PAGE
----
June 07, 2017
1 min read

Study identifies psychiatric, metabolic genetic correlates of anorexia

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Results from a genome-wide association study indicated a genome-wide significant locus for anorexia nervosa and identified significant genetic correlations with psychiatric phenotypes and metabolic measures.

“Twin studies consistently support a genetic basis for the observed familial aggregation in anorexia nervosa, with heritability estimates in the range of 48% to 74%. Although initial genome-wide association studies were underpowered, the available evidence strongly suggested that signals for anorexia nervosa would be detected with increased sample size,” Laramie Duncan, PhD, of University of North Carolina School of Medicine, Chapel Hill, and colleagues wrote.

To determine significant locus and metabolic genetic correlations in anorexia nervosa, researchers conducted standard association analysis followed by a meta-analysis of the 1,000 Genomes Project, which included 12 case-control cohorts of 3,495 individuals with anorexia and 10,982 controls. Genome-wide common variant heritability between anorexia nervosa and 159 other phenotypes was calculated using linkage disequilibrium score regression.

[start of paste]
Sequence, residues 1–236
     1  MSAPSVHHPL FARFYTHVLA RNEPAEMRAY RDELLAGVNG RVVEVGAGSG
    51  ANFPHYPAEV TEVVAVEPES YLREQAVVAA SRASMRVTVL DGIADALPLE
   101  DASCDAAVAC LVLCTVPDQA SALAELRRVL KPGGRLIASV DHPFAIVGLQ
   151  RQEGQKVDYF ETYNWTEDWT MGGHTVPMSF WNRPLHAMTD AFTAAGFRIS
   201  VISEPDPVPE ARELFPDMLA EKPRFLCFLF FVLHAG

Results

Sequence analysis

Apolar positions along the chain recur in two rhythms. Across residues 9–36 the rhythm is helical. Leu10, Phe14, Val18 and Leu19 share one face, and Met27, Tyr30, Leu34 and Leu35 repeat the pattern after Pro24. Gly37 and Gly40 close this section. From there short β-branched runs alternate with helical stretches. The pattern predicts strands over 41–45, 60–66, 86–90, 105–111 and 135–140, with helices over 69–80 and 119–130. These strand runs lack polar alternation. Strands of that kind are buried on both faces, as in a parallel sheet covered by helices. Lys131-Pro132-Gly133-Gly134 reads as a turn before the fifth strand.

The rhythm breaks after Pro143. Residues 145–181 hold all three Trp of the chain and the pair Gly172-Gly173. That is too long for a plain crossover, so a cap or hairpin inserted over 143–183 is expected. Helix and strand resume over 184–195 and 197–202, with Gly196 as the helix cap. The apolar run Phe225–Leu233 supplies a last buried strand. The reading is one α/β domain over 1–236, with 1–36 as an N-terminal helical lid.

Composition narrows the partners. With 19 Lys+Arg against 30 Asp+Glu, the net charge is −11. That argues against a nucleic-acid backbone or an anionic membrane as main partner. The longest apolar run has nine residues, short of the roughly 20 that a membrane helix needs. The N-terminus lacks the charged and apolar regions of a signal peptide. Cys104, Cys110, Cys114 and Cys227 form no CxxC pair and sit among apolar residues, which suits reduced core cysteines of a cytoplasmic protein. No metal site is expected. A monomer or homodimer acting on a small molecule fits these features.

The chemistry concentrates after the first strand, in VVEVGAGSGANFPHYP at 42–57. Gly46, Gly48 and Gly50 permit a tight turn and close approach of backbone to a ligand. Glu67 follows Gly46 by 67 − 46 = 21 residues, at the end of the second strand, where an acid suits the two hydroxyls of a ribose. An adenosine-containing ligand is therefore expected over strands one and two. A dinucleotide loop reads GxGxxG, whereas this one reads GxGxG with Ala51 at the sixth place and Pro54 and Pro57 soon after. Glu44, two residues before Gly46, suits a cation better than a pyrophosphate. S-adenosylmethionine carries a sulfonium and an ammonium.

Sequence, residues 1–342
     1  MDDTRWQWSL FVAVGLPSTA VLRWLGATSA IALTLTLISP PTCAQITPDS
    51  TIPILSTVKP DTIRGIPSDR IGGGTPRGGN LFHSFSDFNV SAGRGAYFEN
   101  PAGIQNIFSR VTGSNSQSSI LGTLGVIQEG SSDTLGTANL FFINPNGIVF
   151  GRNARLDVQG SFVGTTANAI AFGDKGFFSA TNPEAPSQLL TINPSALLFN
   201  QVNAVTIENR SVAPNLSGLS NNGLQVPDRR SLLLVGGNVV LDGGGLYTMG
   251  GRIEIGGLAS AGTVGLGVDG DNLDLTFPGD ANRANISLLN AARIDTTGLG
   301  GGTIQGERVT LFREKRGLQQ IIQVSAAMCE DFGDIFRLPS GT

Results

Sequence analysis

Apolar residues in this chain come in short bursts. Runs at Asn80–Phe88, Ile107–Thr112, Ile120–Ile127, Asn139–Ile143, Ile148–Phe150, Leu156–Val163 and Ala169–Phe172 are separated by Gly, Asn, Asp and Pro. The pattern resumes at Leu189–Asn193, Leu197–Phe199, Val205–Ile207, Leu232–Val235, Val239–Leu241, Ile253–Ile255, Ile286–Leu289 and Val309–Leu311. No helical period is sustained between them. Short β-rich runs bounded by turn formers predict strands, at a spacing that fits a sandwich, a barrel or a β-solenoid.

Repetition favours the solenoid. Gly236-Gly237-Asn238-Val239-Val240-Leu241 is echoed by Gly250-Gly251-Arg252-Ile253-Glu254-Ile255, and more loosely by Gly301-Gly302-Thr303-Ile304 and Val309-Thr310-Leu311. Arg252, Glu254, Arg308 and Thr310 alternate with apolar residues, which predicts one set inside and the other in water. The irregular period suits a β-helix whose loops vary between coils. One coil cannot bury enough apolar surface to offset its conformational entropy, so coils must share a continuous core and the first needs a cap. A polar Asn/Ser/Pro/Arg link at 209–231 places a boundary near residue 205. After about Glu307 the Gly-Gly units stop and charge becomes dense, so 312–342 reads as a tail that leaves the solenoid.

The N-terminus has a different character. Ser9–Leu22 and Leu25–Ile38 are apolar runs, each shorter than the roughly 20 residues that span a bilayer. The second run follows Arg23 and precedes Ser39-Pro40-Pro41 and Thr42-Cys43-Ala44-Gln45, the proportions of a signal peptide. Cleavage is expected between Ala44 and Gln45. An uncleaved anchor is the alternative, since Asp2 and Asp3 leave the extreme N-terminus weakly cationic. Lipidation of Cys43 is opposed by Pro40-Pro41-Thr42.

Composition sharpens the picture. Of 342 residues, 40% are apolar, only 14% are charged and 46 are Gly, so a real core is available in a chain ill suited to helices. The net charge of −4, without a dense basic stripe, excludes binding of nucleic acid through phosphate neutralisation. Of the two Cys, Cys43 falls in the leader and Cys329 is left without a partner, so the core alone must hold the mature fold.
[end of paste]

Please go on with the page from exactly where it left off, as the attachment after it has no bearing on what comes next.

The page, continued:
Single-nucleotide polymorphism-based heritability of anorexia nervosa was 0.2, indicating a significant portion of twin-based heritability is due to common genetic variation.

Researchers identified one genome-wide significant locus on chromosome 12 (rs4622308) in a region previously implicated as a locus for type 1 diabetes and autoimmune disorder.

There were significant positive genetic correlations between anorexia nervosa and schizophrenia, neuroticism, educational attainment and HDL cholesterol.

There were negative genetic correlations between anorexia nervosa and BMI, insulin, glucose and lipid phenotypes.

“We identified the first robust genome-wide significant locus for anorexia nervosa, which is also a previously reported type 1 diabetes and general autoimmune disorder locus,” the researchers wrote. “Perhaps of greater importance is that we find anorexia nervosa to be a complex heritable phenotype with intriguingly large and significant genetic correlations not only with psychiatric disorders but also with multiple metabolic traits. This encourages a reconceptualization of this frequently lethal disorder as both psychiatric and metabolic.” – by Amanda Oldt

Disclosure: Duncan reports no relevant financial disclosures. Please see the study for a full list of relevant financial disclosures.